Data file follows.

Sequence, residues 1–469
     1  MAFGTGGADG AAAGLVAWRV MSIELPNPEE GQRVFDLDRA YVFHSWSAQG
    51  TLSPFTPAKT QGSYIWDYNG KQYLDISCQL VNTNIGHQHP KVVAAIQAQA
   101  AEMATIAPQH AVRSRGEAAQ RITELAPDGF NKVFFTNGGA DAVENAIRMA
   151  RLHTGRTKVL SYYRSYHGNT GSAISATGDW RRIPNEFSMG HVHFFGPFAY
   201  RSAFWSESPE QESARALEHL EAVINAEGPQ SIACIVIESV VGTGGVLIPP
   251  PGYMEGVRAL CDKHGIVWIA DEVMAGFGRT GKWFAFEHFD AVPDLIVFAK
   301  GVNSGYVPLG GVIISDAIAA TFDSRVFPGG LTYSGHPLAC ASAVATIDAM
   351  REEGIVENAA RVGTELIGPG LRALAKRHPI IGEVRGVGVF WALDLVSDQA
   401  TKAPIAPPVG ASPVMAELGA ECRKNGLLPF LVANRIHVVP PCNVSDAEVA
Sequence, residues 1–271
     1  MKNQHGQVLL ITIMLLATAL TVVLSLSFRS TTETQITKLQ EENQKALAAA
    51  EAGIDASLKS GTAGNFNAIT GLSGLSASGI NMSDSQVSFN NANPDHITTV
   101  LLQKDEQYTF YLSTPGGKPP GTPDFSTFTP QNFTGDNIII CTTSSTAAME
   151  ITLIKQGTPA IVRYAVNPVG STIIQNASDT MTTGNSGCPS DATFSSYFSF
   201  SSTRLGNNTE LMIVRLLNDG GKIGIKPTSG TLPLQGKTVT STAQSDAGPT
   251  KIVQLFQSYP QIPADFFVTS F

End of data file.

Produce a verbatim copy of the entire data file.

Sequence, residues 1–469
     1  MAFGTGGADG AAAGLVAWRV MSIELPNPEE GQRVFDLDRA YVFHSWSAQG
    51  TLSPFTPAKT QGSYIWDYNG KQYLDISCQL VNTNIGHQHP KVVAAIQAQA
   101  AEMATIAPQH AVRSRGEAAQ RITELAPDGF NKVFFTNGGA DAVENAIRMA
   151  RLHTGRTKVL SYYRSYHGNT GSAISATGDW RRIPNEFSMG HVHFFGPFAY
   201  RSAFWSESPE QESARALEHL EAVINAEGPQ SIACIVIESV VGTGGVLIPP
   251  PGYMEGVRAL CDKHGIVWIA DEVMAGFGRT GKWFAFEHFD AVPDLIVFAK
   301  GVNSGYVPLG GVIISDAIAA TFDSRVFPGG LTYSGHPLAC ASAVATIDAM
   351  REEGIVENAA RVGTELIGPG LRALAKRHPI IGEVRGVGVF WALDLVSDQA
   401  TKAPIAPPVG ASPVMAELGA ECRKNGLLPF LVANRIHVVP PCNVSDAEVA
Sequence, residues 1–271
     1  MKNQHGQVLL ITIMLLATAL TVVLSLSFRS TTETQITKLQ EENQKALAAA
    51  EAGIDASLKS GTAGNFNAIT GLSGLSASGI NMSDSQVSFN NANPDHITTV
   101  LLQKDEQYTF YLSTPGGKPP GTPDFSTFTP QNFTGDNIII CTTSSTAAME
   151  ITLIKQGTPA IVRYAVNPVG STIIQNASDT MTTGNSGCPS DATFSSYFSF
   201  SSTRLGNNTE LMIVRLLNDG GKIGIKPTSG TLPLQGKTVT STAQSDAGPT
   251  KIVQLFQSYP QIPADFFVTS F